No one will go hungry when Aunt Suzie’s restaurant closes on January 1st. French, Thai, Indian, Japanese and Mexican joints dot the blocks of 5th Avenue in Park Slope where Aunt Suzie’s sits. The area wasn’t always a culinary scene, though.
Irene LoRe and her partner Pat Kelly opened Aunt Suzie’s in 1987. There were just a few restaurants in the area at the time. Crime was a part of life for those who lived in nearby brownstones. Aunt Suzie’s was a warm light at the end of a dark street.
The restaurant menu has been largely unchanged and still serves the classic Italian fare that LoRe’s mother (Aunt Suzie to nearly everyone in her life) liked to make. Meals here often include a heaping plate of pasta, large pours of wine and a giant slice of cake to finish things off. It’s comfort food before that was a trend.
When LoRe decided to open a restaurant in Park Slope she saw the crime and “drug dealers holding court on every corner.” But she also saw beautiful brownstones and “a very strong core of middle-class working people who wanted,” she said, “to see things change.
It was not easy in the early days. “The drug dealers were using the public telephones as their offices,” said LoRe. There was a particular drug dealer using the phones on the corner of 5th Avenue and Carroll Street, right near the restaurant. LoRe marched down to Leopoldi’s Hardware and purchased hedge clippers. She paid her busboys $5 for every phone cord they clipped. The plan worked, at least for the dealer holding court at the restaurant’s corner. “We put him out of business,” said LoRe.
“A well-used city street is apt to be a safe street. A deserted city street is apt to be unsafe,” wrote Jane Jacobs in The Death and Life of Great American Cities. “Stores, bars, and restaurants, as the chief examples, work in several different and complex ways to abet sidewalk safety.” she wrote “small businessmen are typically strong proponents of peace and order themselves.”
In the mid-80s “the neighborhood was ready for a restaurant,” she said, sitting in her restaurant, which is decorated for the last time for the winter holiday season. She’s interrupted often to help plan a holiday party for current and past employees, and to speak to nearly every customer who walks in.
Those customers have lots of dining options these days. “Now we’re on to 100 (restaurants). People have discovered what we discovered 25 years ago,” LoRe said. The heavyset woman laughs wearily at this.
LoRe looks out for many of those new restaurants as the director of the 5th Avenue Business Improvement District, a position that she will continue after closing Aunt Suzie’s. LoRe hasn’t welcomed all of the area’s additions, though. She’s fought adding bike lanes and allowing food trucks to park in the area.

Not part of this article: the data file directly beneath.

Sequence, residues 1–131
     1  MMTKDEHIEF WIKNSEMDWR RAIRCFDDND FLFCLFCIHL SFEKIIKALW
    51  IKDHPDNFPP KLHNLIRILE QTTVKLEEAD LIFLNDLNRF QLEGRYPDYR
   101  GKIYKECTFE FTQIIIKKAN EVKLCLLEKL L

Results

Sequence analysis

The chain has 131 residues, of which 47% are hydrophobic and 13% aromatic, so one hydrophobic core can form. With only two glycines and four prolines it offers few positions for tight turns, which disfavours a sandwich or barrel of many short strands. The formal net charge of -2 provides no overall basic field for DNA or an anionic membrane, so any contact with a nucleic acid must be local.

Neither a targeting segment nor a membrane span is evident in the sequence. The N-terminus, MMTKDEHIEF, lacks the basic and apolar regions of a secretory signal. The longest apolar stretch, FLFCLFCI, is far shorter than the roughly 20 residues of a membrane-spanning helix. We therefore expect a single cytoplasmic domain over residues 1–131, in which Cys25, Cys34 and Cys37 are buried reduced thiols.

She has other complaints too. There’s the city’s increasing bureaucracy— “a government who has become ferociously active.” The fines for restaurants are enough to stifle a small business, she said. “It’s time to retire.” The bureaucracy, the recession, the new restaurants and the fact that she’ll be turning 70 soon all play a role in that decision.
It’s a brave new Brooklyn, and LoRe and all the people her restaurant has touched are trying to navigate it.
There are employees like Tiffany Bricker, who has worked at Aunt Suzie’s as a waitress for seven years, and is now struggling to find a new job. “There are less jobs and more people looking,” she said. There is also more competition. There aren’t many people who are fulltime servers, like her, she said. The wait staffs in local restaurants, she added, are now “people who are professionals who had to get the job.”
Like Leopoldi’s hardware, LoRe got much of her more traditional restaurant supplies from local vendors. Brooklyn Beer is on tap. The coffee comes from D’Amico Foods, a small family-owned business that’s been in Carroll Gardens since 1948. The meat comes from A. Stein Meat Products, which has been around for 60 years. Aunt Suzie’s pasta comes from Queen Ann Ravioli and Macaroni, pasta producers in Bensonhurst since 1972. The owner, George Switzer, often volunteered to make deliveries to Aunt Suzie’s himself when things were busy at work. The restaurant was among many small businesses he used to work with. The restaurants he sees doing well now are part of big companies. “It seems you have to partner up to survive,” he said.
Switzer can “count on one hand the amount of small restaurants” that he works with now. Soon the count will be one fewer.